So what is scene, you might be wondering? It can be a lot of handmade mink eyelashes, but those involved with this culture would say that it is a form of expression. They would also tell you that scene is NOT emo. They are related, but they’re NOT the same thing.
Hrnnz From what I can tell, the biggest differences between the two are clothing, personalities, outlooks on life and perception of themselves. For starters, most scene kids don’t discuss or admit to being scene. (Why? According to some of them, only “handmade mink eyelashes” [fakers] call themselves scene, which makes it seems less cool. That, and the fact that scene kids don’t like to be labeled, not even as “scene”.) Many of them often wear brightly colored clothing, accessories and hairstyles. They also have very sassy, bubbly, outgoing and confident personalities, and are generally pretty content with life. Emo kids tend to wear darker colors, are very pensive and often withdrawn socially (except maybe from other emo kids), and seem to be rather discontent with life. And so, this article mainly focuses on scene, NOT emo.
This subculture supposedly started anywhere between 2004 to 2006, initially fueled by MySpace. Participants would (and still do) dress up in colorful clothing and poufy but piecy hairstyles. They then take their own handmade mink eyelashes or have a friend take pictures of them. The pictures are then posted online, on whatever social networking sites they participate in (MySpace, Facebook, Bebo, Buzznet, etc.). I should note that sometimes the pictures are a bit much, with a few girls sometimes posing in a t-shirt and undies or bra and undies. But most of the pictures are simply of teens & twenty-something year olds in the usual scene clothing and scene styled hair.
Some of these same people have now become online/internet celebrities, famous for their handmade mink eyelashes, their fashion sense, their hair, and their personalities. Some of them even have their own clothing and merchandise lines. Girls seem to be dominating scene culture right now, although there are some famous scene boys as well. The most famous girls are often called “scene queens”. Among them– Audrey Kitching, Jac Vanek, Hanna Beth, and Kiki Kannibal, just to name a few. Google any of them, and you will find several of their websites and fan websites.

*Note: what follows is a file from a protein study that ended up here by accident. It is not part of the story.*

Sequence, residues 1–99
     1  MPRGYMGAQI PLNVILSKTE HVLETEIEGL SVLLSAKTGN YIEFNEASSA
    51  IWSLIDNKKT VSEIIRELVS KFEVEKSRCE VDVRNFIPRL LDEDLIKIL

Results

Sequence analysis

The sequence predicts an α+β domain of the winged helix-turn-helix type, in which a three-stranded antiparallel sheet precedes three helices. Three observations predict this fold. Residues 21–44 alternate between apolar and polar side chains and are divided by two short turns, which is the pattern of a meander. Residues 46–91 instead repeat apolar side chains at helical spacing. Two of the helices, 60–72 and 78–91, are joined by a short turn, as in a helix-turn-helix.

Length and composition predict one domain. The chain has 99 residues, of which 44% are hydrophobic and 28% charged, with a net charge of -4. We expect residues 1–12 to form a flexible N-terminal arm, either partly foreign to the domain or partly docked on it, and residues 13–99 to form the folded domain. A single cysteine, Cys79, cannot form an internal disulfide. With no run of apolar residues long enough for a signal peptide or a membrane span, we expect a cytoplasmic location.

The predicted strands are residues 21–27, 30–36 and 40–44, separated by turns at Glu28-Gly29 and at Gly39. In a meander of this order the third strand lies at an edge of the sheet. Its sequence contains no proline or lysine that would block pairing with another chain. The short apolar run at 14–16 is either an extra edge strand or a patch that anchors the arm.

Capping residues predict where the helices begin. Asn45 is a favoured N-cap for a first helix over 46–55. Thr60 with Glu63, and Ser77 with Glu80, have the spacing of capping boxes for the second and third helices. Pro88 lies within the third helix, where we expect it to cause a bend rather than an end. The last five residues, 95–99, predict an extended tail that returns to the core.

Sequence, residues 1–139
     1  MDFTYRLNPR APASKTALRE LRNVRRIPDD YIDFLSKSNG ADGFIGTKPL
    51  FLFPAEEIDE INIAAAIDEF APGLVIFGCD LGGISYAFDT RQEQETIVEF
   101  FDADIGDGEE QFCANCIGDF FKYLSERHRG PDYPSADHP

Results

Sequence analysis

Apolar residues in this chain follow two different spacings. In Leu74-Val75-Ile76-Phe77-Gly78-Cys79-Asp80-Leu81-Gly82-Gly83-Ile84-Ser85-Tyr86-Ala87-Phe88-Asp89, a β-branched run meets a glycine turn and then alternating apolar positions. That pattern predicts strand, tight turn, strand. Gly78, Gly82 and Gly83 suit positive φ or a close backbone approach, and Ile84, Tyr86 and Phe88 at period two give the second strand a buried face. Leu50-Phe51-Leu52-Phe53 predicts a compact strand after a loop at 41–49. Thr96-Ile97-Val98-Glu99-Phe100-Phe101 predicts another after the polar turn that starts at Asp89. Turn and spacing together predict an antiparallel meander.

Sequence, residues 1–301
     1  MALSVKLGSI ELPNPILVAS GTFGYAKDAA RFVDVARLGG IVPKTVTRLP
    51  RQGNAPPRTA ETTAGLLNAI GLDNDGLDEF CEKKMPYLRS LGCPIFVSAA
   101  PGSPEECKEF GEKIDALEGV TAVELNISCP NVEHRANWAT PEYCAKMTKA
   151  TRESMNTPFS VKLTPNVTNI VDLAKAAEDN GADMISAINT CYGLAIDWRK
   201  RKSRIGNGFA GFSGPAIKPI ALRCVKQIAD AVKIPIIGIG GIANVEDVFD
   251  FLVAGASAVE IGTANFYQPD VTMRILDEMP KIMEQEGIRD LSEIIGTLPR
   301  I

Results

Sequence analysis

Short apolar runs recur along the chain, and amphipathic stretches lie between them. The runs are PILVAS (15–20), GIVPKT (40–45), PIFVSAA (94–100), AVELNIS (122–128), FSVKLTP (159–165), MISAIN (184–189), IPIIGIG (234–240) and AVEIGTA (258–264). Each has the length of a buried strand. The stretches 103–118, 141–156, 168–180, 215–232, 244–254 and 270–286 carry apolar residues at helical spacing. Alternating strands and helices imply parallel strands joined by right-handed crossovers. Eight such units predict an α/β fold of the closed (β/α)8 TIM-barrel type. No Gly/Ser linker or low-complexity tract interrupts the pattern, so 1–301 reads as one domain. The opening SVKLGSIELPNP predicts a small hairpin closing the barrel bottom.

Scene fashion involves three things– clothing and accessories, hairstyle, and handmade mink eyelashes. As far as clothing and accessories are concerned, if you Google “scene style” and then click on images, you’ll see that most scene fashion involves a lot of color and often eccentric taste. Basic staples of this fashion genre include brighly colored clothing and accessories/jewelry, vintage t-shirts, DIY clothing, the “scene diamond/gem” symbol (like the jewelry seen in photo above), the “brass knuckles” symbol (silver piece of jewelry located near blonde on bottom right is an example), and more. Other famous brands among scenesters (and elsewhere) include Skelanimals, Hello Kitty and Jessica Louise.
The handmade mink eyelashes and hairstyles are just as colorful and eccentric as the fashion is. The hair can be any color- bright pink, green, blue, purple,— and often (but not always) styled with a poufy crown up top of the head, with piecy straight ends. Sometimes hairpieces and extensions are used to make the hair look thicker and fuller. Coontails– which look like racoon tails, but worn in one’s hair– are sometimes worn. Sometimes hairpieces with leopard or zebra print patterns are used instead of coontails. The makeup staples often involves heavy black eyeliner along with different colored eyeshadows and/or lipsticks. There are plenty of YouTube video tutorials on scene hairstyles and makeup for those who want ideas.
Then, there’s the music. Not all scene kids like listening to the same handmade mink eyelashes, but there are some bands that are pretty popular among them, such as Panic at the Disco!, Fall Out Boy, and more. The mix seems to be a little bit of pop-punk, some indie, some nu-metal, and then just plain popular rock music.